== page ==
Nerve Supply – Anterolateral Abdominal Wall

by James Pickering, PhD

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    00:00 I have mentioned the nerves and again, these nerves are going to be running from the spinal cord in the vertebral column on your back and they are going to be running all the way round and these nerves run around in this direction to supply the musculature. Obviously, similar happens in both the male and the female. And this is just a cartoon of what this looks like. Here we have got the spinal cord and we can see coming off the spinal cord, we have these two pairs of spinal nerves. We have just got one here and one here.

    00:31 This happens all the way up and down the spinal cord. So, the spinal cord is divided into 31 segments and here, we are just looking at two of these segments giving rise to a pair of spinal nerves, one coming in this direction, one coming in this direction.

    00:46 As I mentioned throughout the lecture, the nerves that supply these muscles come from T7, T11, your thoracoabdominal nerves and subcostal nerve which is T12. This could be T12 here and then the one directly inferior to it could be L1. And importantly, what we can see is that these nerves are branching around. They run in between internal oblique and transversus abdominis muscle layers. But, we also have some cutaneous branches and these are going to supply the skin. And that?s what creates this banding, creates the dermatomes, the sensory distribution from the skin. So, when you touch, the sensation travels back towards the spinal cord. So, here we can see some of those thoracoabdominal nerves.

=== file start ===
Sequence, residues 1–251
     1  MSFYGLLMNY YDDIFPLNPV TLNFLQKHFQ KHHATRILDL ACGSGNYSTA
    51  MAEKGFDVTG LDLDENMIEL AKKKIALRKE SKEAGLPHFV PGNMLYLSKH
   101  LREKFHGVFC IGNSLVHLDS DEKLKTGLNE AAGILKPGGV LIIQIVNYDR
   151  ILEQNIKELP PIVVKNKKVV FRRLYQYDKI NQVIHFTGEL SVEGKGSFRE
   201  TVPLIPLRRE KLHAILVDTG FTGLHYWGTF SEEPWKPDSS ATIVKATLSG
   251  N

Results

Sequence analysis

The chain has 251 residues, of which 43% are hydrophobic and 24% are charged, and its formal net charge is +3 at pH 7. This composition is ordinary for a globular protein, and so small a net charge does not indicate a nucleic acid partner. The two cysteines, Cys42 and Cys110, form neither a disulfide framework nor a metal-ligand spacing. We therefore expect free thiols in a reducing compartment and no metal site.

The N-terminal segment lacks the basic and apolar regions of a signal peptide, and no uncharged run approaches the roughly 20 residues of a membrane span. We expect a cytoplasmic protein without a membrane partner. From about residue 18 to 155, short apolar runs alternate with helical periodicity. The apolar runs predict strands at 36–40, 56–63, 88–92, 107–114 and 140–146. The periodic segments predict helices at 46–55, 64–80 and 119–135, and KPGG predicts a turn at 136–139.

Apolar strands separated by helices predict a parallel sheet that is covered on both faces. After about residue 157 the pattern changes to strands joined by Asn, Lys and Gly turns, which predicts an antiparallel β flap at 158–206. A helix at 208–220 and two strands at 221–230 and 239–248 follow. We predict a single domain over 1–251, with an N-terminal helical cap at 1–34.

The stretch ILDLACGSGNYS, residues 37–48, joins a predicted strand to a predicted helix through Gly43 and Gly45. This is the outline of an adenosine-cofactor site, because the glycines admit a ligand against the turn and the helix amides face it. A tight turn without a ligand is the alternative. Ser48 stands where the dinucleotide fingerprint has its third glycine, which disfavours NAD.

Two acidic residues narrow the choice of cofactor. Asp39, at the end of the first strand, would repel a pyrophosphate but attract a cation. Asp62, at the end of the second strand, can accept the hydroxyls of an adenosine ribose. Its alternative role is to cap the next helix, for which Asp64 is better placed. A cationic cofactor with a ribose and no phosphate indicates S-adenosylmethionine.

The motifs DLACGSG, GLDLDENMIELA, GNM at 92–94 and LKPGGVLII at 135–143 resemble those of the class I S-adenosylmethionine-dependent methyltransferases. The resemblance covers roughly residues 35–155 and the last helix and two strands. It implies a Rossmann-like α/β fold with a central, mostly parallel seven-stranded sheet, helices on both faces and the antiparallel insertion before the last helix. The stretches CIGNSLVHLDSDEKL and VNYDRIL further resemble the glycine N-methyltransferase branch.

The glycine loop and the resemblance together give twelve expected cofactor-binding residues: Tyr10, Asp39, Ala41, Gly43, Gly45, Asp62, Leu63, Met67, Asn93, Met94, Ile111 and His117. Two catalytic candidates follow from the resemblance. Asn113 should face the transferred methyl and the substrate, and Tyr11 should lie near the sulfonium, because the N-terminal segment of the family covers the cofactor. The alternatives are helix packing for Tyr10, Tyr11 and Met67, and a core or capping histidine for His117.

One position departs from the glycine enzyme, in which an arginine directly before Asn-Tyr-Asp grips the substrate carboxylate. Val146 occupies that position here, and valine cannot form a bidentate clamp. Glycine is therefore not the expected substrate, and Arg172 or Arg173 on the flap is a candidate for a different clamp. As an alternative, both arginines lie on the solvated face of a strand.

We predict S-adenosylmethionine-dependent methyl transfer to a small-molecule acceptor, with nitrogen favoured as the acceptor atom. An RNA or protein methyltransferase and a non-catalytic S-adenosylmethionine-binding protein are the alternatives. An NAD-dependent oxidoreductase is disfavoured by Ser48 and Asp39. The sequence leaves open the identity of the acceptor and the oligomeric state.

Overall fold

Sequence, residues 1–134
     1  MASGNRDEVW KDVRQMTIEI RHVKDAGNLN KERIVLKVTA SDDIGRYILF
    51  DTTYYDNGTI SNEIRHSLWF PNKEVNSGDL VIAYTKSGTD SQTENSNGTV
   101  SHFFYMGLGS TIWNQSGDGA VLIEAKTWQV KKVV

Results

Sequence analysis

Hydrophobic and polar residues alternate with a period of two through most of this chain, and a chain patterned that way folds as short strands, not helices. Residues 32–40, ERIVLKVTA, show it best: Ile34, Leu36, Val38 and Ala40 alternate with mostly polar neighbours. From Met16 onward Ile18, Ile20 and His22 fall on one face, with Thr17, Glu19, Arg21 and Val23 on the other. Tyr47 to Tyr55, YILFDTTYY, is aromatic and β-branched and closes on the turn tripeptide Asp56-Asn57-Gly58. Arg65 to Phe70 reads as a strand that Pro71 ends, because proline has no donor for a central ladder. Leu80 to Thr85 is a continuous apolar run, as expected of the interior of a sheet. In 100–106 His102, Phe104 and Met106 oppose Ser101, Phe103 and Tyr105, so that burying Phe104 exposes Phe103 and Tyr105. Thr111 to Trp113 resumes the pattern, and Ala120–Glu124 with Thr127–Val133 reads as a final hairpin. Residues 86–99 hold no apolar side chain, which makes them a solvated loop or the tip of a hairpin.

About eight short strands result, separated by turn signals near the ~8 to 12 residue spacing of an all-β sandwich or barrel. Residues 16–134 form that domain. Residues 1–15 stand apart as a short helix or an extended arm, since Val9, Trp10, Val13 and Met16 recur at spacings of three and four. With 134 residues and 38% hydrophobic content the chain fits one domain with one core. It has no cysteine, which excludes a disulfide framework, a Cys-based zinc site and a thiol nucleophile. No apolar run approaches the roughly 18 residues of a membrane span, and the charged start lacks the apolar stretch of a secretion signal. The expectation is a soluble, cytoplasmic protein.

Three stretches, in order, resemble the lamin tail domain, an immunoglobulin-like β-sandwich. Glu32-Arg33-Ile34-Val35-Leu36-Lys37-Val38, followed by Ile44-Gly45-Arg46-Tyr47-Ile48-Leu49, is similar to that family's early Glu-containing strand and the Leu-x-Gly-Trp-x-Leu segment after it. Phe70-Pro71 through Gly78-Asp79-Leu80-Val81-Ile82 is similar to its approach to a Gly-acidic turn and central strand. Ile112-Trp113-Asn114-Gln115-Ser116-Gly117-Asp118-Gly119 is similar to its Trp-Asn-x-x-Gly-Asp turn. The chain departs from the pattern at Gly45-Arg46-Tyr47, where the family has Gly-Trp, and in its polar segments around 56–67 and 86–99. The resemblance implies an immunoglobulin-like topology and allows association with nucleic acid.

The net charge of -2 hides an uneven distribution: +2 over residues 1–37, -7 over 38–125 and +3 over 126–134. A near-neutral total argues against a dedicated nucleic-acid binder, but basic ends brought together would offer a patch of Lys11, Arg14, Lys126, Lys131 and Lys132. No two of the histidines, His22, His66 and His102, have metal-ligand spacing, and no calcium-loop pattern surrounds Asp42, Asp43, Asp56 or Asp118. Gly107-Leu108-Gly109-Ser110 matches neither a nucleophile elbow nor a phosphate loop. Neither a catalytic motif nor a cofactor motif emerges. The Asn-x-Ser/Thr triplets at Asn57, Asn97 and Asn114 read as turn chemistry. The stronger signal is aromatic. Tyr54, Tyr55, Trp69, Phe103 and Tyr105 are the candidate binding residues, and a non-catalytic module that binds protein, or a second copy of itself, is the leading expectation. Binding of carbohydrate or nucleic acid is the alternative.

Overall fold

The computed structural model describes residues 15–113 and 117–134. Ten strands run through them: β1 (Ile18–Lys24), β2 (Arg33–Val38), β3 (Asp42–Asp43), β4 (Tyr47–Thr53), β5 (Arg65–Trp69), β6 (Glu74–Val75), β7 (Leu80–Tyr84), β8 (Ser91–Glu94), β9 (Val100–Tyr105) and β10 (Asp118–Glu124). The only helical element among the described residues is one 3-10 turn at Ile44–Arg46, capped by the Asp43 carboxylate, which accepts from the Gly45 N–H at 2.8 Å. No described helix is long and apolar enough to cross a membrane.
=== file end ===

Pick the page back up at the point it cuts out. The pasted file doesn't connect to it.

01:36 Importantly, I mentioned when we looked at the muscles, the various movements of the trunk and here, we can just see where we have the various movements that these muscles contribute. So, we have lateral bending where you can see the trunk is moving on to the left and to the right moving laterally. You can see we have extension and you can see we have flexion carried out, let's say by rectus abdominis. This is similar to the sit up position.

    02:01 And then we have rotation where the body is rotating around, obviously. All of these muscles, all these movements are co-ordinated by some, if not all, of those anterolateral abdominal wall muscles, so important movements of the trunk.

    02:18 So, in summary, in conclusion, we have looked in quite a lot of detail about the origin, the insertion and the innervation of a whole series of muscles which we can see here, external, internal obliques, transversus abdominis and rectus abdominis, those important muscles.

    02:33 And how those muscles were arranged to form the rectus sheath. And then towards the end we have looked at the epigastric vessels, superior, inferior and the thoracoabdominal nerves that innervate them. And then finally, we looked at movement, the bending, flexing, extending and rotating of the trunk. These muscles are really important when we come next to look at the inguinal canal. The inguinal canal is an important passage way located in the inguinal region and these muscles form a complex channel that allows the important structures to pass through and we will look at that next.

    About the Lecture

    The lecture Nerve Supply – Anterolateral Abdominal Wall by James Pickering, PhD is from the course Abdomen.

    Included Quiz Questions

    1. T12
    2. T9
    3. T10
    4. T11
    1. Ilioinguinal and iliohypogastric nerves
    2. Thoracoabdominal and subcostal nerves
    3. Subcostal and ilioinguinal nerves
    4. Subcostal and iliohypogastric nerves
    5. Thoracoabdominal and iliohypogastric nerves

    Author of lecture Nerve Supply – Anterolateral Abdominal Wall

     James Pickering, PhD

    James Pickering, PhD

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